The history of professional sports is littered with baffling and comically bad signings, from Bobby Bonilla’s seemingly immortal contract to Josh Smith’s dire stay in Detroit to the entirety of the mid-2000s New York Knicks. But Major League Soccer just topped them all.
America’s top male soccer league announced the signing of a Bored Ape Yacht Club NFT to a “professional contract” in an official press release on Friday. Dubbed “Striker,” MLS hyped up the signing as “the first digital athlete to sign with a professional sports organization” and promoted the NFT’s debut on the “virtual pitch” during Wednesday’s MLS All-Star Game.
The press release even included quotes from the algorithmically formed eyesore likely written by some poor PR intern:
“I’m extremely excited to join Major League Soccer, the fastest growing sports league in North America. In a league with players from more than 82 countries, it is an honor to be the first digital athlete. I can’t wait to get on the virtual pitch.”
This “signing” appears to amount to little more than a licensing deal and/or marketing campaign aimed at hyping up MLS and its forthcoming All-Star Game. MLS stated that Striker’s introduction was done in collaboration with ge3, a division of online marketing firm Get Engaged, but ownership of BAYC #6045, the NFT representing Striker, is currently held by Get Engaged. Well, kind of.
According to blockchain records, BAYC #6045 does currently reside in a wallet owned by Get Engaged, but the actual purchase of the NFT was completed by MoonPay. Yes, the same cryptocurrency payment platform responsible for the bullrush of celebrity NFT “purchases” and wince-inducing promotion of NFT ownership perfectly encapsulated by Paris Hilton and Jimmy Fallon’s stilted exchange about their Bored Apes on The Tonight Show in Jan. 2022.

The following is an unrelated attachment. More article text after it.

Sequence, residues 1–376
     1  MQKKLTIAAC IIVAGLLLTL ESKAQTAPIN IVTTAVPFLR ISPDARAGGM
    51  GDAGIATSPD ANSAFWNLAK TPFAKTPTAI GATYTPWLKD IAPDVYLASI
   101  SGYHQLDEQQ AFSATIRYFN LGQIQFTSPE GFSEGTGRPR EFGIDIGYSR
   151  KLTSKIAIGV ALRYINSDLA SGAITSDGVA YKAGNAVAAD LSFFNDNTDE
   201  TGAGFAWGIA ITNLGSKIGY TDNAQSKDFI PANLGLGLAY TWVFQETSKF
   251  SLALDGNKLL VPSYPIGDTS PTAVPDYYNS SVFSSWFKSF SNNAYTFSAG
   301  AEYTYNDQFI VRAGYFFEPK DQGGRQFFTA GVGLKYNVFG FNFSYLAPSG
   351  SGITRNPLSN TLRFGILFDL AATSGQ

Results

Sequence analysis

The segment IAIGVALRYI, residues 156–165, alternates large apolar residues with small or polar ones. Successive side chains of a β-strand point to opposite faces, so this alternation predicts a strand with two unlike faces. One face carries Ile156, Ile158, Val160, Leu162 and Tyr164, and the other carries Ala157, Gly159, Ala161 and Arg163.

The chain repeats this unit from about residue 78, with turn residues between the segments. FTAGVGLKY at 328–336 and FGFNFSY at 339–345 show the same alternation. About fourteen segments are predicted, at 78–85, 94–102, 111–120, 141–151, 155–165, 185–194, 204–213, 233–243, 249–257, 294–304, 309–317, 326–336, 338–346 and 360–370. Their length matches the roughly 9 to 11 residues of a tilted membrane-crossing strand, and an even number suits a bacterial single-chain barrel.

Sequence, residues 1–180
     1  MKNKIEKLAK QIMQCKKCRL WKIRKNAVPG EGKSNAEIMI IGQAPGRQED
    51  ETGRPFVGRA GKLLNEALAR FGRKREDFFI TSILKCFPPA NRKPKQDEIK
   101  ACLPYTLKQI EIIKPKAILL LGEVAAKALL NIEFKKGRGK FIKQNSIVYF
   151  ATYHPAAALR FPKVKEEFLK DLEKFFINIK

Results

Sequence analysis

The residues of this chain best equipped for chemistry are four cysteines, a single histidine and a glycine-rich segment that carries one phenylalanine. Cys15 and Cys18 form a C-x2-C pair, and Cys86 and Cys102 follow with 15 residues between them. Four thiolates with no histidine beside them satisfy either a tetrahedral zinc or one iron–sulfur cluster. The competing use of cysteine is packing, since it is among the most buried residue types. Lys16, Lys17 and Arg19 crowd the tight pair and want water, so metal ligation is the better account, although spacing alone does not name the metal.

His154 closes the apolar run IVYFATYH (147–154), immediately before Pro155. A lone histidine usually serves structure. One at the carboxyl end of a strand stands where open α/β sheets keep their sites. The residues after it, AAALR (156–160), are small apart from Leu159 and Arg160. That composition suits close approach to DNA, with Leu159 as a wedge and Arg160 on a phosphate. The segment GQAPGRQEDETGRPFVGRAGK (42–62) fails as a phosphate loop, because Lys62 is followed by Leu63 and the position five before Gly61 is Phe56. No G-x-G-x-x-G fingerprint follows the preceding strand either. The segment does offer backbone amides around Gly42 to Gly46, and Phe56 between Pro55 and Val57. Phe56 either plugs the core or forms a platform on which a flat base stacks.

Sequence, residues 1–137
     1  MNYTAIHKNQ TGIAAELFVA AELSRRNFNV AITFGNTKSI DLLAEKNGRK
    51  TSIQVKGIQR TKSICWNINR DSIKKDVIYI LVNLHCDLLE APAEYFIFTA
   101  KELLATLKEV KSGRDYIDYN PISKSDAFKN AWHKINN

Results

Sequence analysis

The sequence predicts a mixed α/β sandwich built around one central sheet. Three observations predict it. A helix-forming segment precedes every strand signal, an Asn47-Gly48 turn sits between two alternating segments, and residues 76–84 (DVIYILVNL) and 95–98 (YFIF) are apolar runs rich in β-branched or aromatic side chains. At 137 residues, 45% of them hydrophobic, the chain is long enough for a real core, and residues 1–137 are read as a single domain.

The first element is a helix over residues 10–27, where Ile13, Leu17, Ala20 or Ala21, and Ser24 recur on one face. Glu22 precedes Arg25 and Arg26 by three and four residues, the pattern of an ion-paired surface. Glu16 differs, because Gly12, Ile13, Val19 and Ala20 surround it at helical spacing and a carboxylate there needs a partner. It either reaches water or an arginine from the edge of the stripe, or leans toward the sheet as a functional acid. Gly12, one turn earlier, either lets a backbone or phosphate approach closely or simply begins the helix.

MoonPay bought the NFT for 100 Eth (roughly $250,000) on March 13, 2022 and transferred the digital asset to a wallet controlled by Get Engaged four days later and sat on it until Friday’s announcement of the partnership with MLS. The press release even gives Bored Ape Yacht Club creator Yuga Labs’ proposed Web3 MMORPG Otherside a little shoutout in its “Fast Facts” about Striker.
All of this information points to this “signing” representing little more than another clout-grasping attempt to promote NFT ownership through a widely-known name, but this one comes as the NFT market, like major crypto markets, are steeply declining. And that’s before you factor in the expected backlash to MLS “signing” a thing that literally amounts to little more than a smart contract.
“Really putting the L in mLs,” wrote one Twitter user on the Twitter account setup for Striker. “Major league scam,” wrote another.
MLS “signing” an NFT also screams of not reading the room when placed against the current financial crisis being experienced by the National Women’s Soccer League thanks to crypto brokerage Voyager Digital filing for Chapter 11 bankruptcy in July.
Voyager Digital became one of the league’s major sponsors in Dec. 2021, with part of the sponsorship deal being set aside for NWSL players to invest in cryptocurrencies traded on Voyager’s platform. The deal was boilerplate sportswashing of crypto brokers and NFT developers via sizable sponsorship deals that has risen in recent years. But Voyager’s deal with the NWSL and its subsequent bankruptcy filing presented an additional issue; NWSL players had crypto accounts that were never funded due to the bankruptcy.
The situation forced NWSL Players’ Association executive director Meghann Burke to publicly reassure that no NWSL players would miss a paycheck.
MLS will have its fun with their virtual player, but doing so at the same time that another major Web3 player is causing the top U.S. women’s soccer league to experience financial duress to the point that players could lose money is distasteful at best.
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